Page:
It was a sad day for the little country school. After two hundred and seventy-one years it was closing. It had always been a single teacher school, with the number of pupils ranging from twelve to twenty-seven. The twelve to twenty-seven pupils would in future be bused to and from another school three quarters of an hour away.
The children were all from local farming families. All former pupils seem to have lived good and profitable lives. All seemed to have got a good basis of education. Some, usually the oldest boy although these days perhaps the oldest girl instead, went into farming. Some former pupils had excelled beyond all expectations. One was a famous nuclear physicist. Another was a research scientist for the cure of tropical diseases.
It was a happy school, and it was the centre of the local community. If the pupils put on a concert, the whole district attended, even if they had no children at the school.
It was surprising that the school was closing. More and more couples with children were moving into the area; townspeople who had bought several acres for their lifestyle dream: two alpacas and a peacock. Or a guinea fowl with piglets. Anyway, one of these lifestylers to come into the area was Ms Claudette Armstrong. She was the one responsible for getting the school closed. She had written to the Minister of Education.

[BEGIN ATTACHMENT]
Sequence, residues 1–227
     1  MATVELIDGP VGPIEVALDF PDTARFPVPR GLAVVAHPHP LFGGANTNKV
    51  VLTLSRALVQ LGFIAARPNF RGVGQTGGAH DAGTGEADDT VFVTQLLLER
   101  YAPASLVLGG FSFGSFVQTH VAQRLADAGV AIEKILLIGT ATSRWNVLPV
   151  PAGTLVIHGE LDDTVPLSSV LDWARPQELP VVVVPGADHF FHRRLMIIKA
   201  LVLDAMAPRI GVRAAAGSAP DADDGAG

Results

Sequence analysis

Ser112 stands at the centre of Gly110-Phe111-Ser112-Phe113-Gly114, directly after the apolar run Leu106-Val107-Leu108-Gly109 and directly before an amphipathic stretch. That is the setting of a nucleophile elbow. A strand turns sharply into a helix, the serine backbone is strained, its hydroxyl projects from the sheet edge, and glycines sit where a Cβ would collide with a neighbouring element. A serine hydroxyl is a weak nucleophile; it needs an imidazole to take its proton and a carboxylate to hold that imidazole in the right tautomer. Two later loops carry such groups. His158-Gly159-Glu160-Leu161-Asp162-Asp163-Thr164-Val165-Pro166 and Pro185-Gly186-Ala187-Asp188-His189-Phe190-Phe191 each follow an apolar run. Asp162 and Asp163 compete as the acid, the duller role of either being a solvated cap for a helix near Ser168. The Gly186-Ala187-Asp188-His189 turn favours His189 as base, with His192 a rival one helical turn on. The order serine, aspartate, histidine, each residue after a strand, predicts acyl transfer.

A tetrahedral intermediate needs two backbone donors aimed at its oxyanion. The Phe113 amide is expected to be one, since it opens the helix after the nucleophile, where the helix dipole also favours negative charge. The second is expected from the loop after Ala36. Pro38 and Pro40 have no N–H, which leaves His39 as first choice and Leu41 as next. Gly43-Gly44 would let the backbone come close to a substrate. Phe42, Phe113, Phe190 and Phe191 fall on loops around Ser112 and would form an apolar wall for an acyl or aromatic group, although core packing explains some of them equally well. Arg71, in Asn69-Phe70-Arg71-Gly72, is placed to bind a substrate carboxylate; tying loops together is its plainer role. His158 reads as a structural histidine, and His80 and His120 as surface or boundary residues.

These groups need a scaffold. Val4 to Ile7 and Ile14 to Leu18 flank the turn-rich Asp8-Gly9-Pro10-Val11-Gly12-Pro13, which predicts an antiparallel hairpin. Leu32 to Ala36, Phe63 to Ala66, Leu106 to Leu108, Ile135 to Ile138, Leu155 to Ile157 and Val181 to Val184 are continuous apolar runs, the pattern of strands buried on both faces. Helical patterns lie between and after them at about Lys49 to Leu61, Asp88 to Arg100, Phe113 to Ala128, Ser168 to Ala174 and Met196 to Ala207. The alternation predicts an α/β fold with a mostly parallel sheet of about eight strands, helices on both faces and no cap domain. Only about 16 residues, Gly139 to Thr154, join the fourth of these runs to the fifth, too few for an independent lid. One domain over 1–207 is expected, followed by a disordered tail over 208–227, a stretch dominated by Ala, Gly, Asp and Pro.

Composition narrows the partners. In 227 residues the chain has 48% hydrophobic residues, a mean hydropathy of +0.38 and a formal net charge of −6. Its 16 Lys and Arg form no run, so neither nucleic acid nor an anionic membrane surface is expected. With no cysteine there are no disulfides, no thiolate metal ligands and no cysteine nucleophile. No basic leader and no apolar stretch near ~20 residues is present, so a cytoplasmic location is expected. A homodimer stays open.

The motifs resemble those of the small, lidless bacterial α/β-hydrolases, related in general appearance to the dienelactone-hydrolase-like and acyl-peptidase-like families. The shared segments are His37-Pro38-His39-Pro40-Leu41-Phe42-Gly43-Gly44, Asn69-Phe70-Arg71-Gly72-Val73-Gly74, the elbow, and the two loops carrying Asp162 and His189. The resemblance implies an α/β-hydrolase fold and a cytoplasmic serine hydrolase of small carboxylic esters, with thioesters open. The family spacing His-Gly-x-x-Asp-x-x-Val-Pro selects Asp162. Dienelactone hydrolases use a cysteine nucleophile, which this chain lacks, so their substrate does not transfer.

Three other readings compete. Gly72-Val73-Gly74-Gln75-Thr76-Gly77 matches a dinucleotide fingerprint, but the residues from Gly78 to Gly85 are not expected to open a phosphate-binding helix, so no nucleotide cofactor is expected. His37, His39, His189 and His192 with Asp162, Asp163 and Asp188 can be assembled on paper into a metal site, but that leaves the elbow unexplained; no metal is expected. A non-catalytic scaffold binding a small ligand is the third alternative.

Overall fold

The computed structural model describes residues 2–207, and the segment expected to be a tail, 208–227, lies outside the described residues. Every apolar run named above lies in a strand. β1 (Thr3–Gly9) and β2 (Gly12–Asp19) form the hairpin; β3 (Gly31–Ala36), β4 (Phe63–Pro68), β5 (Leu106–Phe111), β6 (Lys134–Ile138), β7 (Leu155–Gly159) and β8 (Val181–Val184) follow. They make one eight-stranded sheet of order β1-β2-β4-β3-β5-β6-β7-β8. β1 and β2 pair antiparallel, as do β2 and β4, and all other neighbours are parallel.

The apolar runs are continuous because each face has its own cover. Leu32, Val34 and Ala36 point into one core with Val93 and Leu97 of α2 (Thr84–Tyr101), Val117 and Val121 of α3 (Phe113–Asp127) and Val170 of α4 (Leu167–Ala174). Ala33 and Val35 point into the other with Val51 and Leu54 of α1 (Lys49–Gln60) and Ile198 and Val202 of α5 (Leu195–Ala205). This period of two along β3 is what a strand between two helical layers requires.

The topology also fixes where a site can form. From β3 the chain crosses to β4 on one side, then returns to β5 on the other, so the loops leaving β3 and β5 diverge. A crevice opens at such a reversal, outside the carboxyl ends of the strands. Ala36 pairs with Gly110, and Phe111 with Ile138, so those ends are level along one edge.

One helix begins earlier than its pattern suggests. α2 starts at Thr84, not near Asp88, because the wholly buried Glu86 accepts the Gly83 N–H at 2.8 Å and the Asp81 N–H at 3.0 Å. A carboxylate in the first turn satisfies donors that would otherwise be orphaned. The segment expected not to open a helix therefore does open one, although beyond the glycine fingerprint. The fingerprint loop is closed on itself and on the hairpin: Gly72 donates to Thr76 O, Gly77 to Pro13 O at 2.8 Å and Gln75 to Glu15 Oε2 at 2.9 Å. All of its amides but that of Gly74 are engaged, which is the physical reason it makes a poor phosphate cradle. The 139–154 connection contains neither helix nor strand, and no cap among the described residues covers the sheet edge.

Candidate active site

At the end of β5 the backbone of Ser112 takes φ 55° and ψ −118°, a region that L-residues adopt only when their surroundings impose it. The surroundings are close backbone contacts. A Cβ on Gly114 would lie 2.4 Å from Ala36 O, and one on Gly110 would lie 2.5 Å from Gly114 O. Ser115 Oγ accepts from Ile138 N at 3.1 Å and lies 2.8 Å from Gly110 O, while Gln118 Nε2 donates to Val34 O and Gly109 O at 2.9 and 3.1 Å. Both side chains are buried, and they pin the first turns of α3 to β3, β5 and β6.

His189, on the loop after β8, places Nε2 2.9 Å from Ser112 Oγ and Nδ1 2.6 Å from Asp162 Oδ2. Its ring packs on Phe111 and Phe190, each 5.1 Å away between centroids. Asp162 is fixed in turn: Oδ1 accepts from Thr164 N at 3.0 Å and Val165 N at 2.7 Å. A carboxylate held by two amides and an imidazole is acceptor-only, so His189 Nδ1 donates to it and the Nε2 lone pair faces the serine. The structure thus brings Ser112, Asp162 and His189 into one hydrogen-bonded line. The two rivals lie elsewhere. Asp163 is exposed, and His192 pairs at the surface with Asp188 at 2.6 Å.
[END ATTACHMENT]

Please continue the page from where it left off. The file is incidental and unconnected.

Mr Higgins, the sole teacher, had to be removed. “I distinctly heard him use the word “bugger” within hearing distance of a pupil,” wrote Ms Armstrong.
“Bugger me if I’ve never heard anything so stupid in my whole life. Not even when I went through university,” said Farmer Jack. “She should bugger off back to town from whence she came.”
“I’ll be buggered if I don’t agree with you, Jack,” chimed Mrs Nora Elworthy.
Their protests went for naught. Mr Higgins was removed. The school closed.
“Now we might see the local children get a proper education,” declared a triumphant Ms Armstrong. “For too long pupils in rural schools have been disadvantaged.”